Is there a job-scheduling database? Most of today's systems offer provisions for scheduling jobs, calculating how long the job will take to run, telling the user how long until the job is completed, how much material is going to be needed and how much has been used, and then calculating all that information into an efficiency quotient to determine which machine is best suited for a particular job. Most will also store that information for future reference that can be easily called up again when a job is rerun. What a buyer should look for is how long a job queue can be scheduled for each machine. Some systems can only schedule three or four jobs per machine but an infinite number plantwide. Others can schedule as many jobs per machine as the user desires.

Does the same manufacturer make both the system's hardware and software Valid arguments for both approaches can be made. Proponents of a single-source system such as Mattec's Thiel say that since all the equipment comes from one place, a user doesn't have to contact a different supplier every time he has a problem with one part of the system. Supporters of the off-the-shelf hardware approach, such as the Control Process' Bird say that a system whose user can purchase DCU's and computer terminals "off the shelf" eases expandability and gives the user more choice when designing his system. "However," Bird warns, "you want to be sure you're on an industry-standard operating system and have industry-standard hardware."

At the end of this issue, our Processors' Page details a case history of the benefits one molder has been able to achieve with a new-generation process and production monitoring system. (See also PT, March '89).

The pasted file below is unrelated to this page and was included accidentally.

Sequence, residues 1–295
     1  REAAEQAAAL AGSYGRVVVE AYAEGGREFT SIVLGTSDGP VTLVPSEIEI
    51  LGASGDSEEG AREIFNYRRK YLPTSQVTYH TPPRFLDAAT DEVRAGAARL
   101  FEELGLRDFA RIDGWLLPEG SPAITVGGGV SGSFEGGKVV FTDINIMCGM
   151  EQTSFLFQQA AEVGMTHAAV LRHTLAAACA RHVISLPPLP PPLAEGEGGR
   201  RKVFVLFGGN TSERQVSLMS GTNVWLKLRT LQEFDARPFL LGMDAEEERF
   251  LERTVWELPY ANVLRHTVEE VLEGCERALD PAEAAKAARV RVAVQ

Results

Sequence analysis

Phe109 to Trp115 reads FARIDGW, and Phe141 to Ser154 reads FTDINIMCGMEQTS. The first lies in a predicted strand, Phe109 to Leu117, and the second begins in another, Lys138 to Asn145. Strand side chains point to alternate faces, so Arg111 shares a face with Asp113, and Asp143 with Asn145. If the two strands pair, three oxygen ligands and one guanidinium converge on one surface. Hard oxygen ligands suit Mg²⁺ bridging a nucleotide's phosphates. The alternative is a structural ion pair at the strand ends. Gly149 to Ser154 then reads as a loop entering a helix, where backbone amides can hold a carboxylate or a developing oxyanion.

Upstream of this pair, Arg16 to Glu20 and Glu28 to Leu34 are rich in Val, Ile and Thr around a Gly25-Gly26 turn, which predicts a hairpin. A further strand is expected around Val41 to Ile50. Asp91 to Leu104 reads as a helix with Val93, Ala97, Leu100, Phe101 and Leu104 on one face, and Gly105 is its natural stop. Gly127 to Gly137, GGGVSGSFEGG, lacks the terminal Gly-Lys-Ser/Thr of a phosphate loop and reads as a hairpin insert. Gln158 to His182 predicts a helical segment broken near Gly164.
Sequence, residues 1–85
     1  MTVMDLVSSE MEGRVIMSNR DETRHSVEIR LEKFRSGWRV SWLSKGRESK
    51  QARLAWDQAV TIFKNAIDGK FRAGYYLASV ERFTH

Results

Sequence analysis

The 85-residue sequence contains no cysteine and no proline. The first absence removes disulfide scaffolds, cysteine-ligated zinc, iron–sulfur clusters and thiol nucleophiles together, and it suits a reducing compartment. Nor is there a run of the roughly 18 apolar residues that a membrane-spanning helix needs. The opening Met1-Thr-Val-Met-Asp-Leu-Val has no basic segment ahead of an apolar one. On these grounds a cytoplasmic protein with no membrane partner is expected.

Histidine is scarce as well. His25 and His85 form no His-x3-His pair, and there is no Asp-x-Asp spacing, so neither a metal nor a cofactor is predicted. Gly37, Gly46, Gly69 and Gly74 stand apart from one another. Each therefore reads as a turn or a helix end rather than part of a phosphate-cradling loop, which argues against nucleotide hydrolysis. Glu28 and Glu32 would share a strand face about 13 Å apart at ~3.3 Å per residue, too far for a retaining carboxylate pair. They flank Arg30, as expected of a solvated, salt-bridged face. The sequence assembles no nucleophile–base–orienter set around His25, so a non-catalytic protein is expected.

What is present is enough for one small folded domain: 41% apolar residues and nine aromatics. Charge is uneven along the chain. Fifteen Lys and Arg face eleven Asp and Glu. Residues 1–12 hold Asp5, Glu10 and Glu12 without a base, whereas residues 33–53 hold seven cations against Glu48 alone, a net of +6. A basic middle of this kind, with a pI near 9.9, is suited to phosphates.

PHOTO : Process/production monitoring systems provide a wealth of information, scrutinizing every

PHOTO : aspect of the molding process from cycle times and injection pressures to numbers of

PHOTO : rejected parts and machine efficiency.

PHOTO : Data-collection units come in a variety of sizes and shapes. One of the DCU's available

PHOTO : with Mattec's ProHelp system (top, left) features a numeric input keypad and a 16-line

PHOTO : display. The DAT from Hunkar Labs' (above) has an alpha-numeric keypad, allowing expanded

PHOTO : operator entries, and the DCU on the CAMIS I system (left) uses a 5-in. CRT that can

PHOTO : provide operators with graphs and charts.

PHOTO : The software in today's process/production monitoring systems can be tailored to give

PHOTO : users dozens of charts and graphs, mapping out every portion of their molding process.

PHOTO : X-bar and R charts (left) show the average and range of variables taken over a

PHOTO : predetermined time period. Production screens (right) provide a portrait of the status of

PHOTO : jobs in progress.
COPYRIGHT 1990 Gardner Publications, Inc.
No portion of this article can be reproduced without the express written permission from the copyright holder.
Copyright 1990, Gale Group. All rights reserved. Gale Group is a Thomson Corporation Company.

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Title Annotation:computer-integrated manufacturing
Author:Monks, Richard
Publication:Plastics Technology
Article Type:buyers guide
Date:Apr 1, 1990
Words:3217
Previous Article:How to process LCP's.
Next Article:A new way to evaluate injection machine performance.